Nunatsiaq News
NEWS: Around the Arctic July 18, 2014 - 12:15 pm

ICC’s pan-Arctic meetings kick off in Inuvik next week

In an ever-evolving Arctic, assembly could be "pivotal," says ICC Canada president

The igloo church in Inuvik, NWT, the community hosting the ICC's pan-Arctic gathering July 20-24. (PHOTO COURTESY OF ICC)
The igloo church in Inuvik, NWT, the community hosting the ICC's pan-Arctic gathering July 20-24. (PHOTO COURTESY OF ICC)

One of the largest Inuit-focused assemblies of the year kicks off in Inuvik, NWT, this weekend.

Canada will host the Inuit Circumpolar Council’s pan-Arctic general assembly, which comes to Canada only once every 12 years, starting July 20.

And ICC Canada president Duane Smith says the assembly has the potential to be “the most pivotal ever,” given the unprecedented change seen in the Arctic region in recent years.

“This era is not only bringing challenges to Inuit and to the Arctic, but also opportunities,” the ICC Canada president, Duane Smith, said in June release.

Smith is hosting the assembly on behalf of Canadian Inuit, while Prime Minster Stephen Harper will serve as the assembly’s honorary patron, welcoming delegates and guests by teleconference link.

Nunavut MP Leona Aglukkaq will give a keynote speech July 21, and is expected to talk about the Canadian chairmanship of the Arctic Council, which Aglukkaq heads.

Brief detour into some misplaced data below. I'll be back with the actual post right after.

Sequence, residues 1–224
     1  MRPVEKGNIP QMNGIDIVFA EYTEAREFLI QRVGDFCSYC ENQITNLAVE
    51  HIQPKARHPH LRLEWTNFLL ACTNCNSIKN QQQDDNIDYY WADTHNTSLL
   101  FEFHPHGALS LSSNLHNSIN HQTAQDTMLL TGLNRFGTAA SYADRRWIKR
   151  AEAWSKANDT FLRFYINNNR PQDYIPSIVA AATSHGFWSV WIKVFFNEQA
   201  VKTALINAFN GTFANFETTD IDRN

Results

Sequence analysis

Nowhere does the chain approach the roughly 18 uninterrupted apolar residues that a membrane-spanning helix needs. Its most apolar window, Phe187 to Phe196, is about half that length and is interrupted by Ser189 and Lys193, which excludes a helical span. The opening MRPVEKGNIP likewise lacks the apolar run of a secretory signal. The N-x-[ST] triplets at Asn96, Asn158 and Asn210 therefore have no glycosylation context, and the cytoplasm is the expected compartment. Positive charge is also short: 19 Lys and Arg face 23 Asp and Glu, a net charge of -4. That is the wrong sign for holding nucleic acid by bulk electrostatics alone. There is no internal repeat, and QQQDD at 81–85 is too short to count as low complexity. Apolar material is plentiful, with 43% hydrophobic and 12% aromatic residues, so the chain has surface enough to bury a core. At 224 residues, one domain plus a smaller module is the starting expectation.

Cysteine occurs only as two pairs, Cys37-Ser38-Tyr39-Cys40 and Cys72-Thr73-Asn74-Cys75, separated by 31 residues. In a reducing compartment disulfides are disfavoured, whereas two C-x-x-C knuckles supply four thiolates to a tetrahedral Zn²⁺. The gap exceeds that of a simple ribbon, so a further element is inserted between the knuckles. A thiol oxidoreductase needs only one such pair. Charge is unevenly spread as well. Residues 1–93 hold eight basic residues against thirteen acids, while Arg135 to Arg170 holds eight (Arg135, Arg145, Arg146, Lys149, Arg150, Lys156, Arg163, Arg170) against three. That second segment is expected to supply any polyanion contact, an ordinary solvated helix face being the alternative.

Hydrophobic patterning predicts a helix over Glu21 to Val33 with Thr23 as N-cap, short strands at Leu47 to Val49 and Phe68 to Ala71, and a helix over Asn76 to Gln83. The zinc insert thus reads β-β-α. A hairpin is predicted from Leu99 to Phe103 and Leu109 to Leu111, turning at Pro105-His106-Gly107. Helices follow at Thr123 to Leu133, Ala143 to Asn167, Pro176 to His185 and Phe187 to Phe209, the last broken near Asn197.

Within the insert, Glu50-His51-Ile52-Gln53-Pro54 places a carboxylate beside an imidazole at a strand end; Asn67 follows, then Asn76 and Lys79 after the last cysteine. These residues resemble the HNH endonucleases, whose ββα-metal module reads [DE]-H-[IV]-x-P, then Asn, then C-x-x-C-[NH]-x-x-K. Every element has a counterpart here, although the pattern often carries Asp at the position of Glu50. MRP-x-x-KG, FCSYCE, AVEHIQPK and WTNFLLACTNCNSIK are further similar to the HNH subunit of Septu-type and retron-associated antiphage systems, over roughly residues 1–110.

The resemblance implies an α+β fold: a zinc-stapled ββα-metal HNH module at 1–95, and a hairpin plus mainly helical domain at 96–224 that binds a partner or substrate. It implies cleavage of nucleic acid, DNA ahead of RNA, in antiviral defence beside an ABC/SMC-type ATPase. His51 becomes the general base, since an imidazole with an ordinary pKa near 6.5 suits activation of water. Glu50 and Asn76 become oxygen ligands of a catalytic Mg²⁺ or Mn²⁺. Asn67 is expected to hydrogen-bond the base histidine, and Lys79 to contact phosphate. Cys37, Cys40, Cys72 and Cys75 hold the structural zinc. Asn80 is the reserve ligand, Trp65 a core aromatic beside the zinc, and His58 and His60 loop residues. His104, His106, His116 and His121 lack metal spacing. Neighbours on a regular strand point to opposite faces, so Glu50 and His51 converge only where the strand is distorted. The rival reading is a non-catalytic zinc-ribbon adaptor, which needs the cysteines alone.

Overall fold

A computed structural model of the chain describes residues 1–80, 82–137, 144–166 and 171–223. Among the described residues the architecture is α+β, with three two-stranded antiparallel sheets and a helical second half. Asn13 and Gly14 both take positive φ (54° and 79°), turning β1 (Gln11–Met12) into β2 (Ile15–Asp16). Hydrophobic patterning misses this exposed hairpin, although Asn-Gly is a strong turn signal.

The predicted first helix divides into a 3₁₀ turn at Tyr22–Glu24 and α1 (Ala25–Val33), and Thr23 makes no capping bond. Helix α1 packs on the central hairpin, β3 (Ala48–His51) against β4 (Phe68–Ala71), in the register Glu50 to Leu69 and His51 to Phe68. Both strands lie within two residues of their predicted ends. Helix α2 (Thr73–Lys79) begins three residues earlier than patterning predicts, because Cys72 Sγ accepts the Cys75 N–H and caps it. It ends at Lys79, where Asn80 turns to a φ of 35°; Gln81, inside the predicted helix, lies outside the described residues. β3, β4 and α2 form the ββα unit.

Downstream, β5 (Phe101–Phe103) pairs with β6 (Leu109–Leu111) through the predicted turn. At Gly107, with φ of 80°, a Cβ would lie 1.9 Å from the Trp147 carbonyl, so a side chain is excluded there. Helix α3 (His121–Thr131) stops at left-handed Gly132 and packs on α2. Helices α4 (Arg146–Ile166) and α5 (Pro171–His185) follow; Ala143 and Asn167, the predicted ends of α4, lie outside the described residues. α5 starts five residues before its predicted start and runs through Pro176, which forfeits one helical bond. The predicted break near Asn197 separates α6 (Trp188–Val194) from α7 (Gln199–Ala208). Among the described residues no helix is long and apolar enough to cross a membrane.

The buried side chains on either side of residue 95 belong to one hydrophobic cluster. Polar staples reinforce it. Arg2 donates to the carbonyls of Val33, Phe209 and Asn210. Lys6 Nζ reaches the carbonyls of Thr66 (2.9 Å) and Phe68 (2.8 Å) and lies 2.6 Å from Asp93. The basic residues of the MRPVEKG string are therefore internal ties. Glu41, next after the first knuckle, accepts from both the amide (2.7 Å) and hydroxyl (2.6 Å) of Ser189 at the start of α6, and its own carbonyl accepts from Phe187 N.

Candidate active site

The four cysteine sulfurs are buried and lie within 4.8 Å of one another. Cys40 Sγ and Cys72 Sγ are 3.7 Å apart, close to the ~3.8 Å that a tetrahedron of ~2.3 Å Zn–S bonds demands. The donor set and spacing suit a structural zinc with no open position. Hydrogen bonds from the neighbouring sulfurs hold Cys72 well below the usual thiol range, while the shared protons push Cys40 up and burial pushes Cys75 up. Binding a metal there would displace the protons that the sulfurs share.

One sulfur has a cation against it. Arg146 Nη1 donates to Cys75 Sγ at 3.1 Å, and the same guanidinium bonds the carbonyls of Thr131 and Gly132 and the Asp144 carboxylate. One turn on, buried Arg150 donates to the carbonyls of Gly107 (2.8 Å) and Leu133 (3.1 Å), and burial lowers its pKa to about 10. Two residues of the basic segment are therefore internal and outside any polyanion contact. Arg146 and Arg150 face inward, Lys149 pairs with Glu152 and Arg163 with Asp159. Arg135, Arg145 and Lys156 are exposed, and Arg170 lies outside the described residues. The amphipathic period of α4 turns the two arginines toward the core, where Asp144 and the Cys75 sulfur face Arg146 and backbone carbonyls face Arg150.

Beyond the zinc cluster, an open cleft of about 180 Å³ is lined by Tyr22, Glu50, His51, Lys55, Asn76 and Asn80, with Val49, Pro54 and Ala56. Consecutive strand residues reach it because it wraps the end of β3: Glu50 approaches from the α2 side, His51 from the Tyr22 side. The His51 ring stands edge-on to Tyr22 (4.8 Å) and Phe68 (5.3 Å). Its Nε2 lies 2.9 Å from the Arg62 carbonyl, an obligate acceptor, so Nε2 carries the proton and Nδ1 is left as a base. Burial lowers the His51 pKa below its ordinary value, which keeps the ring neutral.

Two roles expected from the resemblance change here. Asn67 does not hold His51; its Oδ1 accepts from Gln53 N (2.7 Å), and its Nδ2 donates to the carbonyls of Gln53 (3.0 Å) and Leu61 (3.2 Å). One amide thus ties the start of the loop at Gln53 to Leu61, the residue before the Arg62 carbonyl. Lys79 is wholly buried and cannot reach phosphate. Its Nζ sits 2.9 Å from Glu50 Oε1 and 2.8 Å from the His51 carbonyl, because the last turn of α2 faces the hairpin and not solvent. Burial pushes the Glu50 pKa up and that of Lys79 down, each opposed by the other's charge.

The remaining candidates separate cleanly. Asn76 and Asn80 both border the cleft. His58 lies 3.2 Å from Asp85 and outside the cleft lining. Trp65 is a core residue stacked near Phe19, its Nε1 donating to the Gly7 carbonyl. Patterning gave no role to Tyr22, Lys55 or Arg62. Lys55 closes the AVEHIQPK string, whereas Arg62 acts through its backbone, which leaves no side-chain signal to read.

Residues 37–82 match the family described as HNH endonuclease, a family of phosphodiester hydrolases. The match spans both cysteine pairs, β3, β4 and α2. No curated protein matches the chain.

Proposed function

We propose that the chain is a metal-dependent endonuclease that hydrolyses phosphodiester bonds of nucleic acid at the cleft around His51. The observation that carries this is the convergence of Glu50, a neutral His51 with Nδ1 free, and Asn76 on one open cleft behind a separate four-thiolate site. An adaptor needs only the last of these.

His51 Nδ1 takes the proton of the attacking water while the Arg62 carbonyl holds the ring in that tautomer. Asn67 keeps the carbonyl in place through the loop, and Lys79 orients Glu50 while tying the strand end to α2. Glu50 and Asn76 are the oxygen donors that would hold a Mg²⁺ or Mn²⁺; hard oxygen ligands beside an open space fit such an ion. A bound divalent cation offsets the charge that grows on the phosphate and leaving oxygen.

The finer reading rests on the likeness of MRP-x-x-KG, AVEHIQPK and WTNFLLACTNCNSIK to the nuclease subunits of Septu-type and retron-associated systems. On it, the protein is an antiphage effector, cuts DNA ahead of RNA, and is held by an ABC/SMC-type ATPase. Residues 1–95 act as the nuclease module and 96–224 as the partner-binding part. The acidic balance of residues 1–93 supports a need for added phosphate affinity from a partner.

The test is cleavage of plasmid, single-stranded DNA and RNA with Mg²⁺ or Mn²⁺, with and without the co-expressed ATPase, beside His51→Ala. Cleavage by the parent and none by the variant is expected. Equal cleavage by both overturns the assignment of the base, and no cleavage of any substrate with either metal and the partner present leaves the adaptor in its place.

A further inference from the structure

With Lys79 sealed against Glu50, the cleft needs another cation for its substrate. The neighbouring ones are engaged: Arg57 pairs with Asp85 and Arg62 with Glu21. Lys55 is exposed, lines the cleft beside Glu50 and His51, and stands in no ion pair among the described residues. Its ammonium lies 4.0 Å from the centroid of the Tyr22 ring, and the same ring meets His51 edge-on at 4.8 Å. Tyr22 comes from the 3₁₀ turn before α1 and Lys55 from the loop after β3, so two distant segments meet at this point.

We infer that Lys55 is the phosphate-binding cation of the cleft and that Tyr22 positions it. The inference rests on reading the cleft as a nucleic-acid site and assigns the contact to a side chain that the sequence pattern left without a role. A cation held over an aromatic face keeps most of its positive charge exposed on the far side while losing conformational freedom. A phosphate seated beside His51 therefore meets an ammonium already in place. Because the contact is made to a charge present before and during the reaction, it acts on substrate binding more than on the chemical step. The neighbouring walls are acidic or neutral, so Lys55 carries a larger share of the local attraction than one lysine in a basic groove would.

A centrepiece of that chairmanship is the Arctic Economic Council, which the Arctic Council announced this past March after Canada first proposed a circumpolar business summit.

On July 22, at a special session on Arctic economic development, ICC delegates will discuss whether ICC should plan to hold its own Inuit economic conference.

“What makes this gathering even more pivotal is that Canada’s chairing of the eight-nation Arctic Council, which comes to an Arctic state only once every 16 years, will overlap with Canadian Inuit chairing the ICC starting immediately after the assembly,” Smith said in the news release.

Aqqaluk Lynge of Greenland will chair the gathering, in his last function as ICC’s international chair.

At the end of the assembly on July 24, Okalik Eegeesiak, the outgoing president of the Qikiqtani Inuit Association, will replace Lynge in a pre-arranged succession.

Other speakers throughout the week of July 20 to July 24 include Greenland premier Aleqa Hammond, Inuit Tapiriit Kanatami president Terry Audla, Charlotte Brower, mayor of the North Slope Borough of Alaska, and Anna Otke, a senator with the Council of the Russian Federation who represents Chukotka.

Outside of the assembly, Inuit from across the circumpolar world will take part in cultural exhibits, including a July 20 performance by Iqaluit’s The Jerry Cans.

The ICC holds its general assemblies every four years at locations that rotate among the organization’s three largest national delegations: Alaska, Greenland and Canada.

This year’s gathering will likely attract between 600 and 1,000 people to Inuvik from around the circumpolar world.

Inuit Tapiriit Kanatami will hold its annual general meeting in Inuvik July 19.

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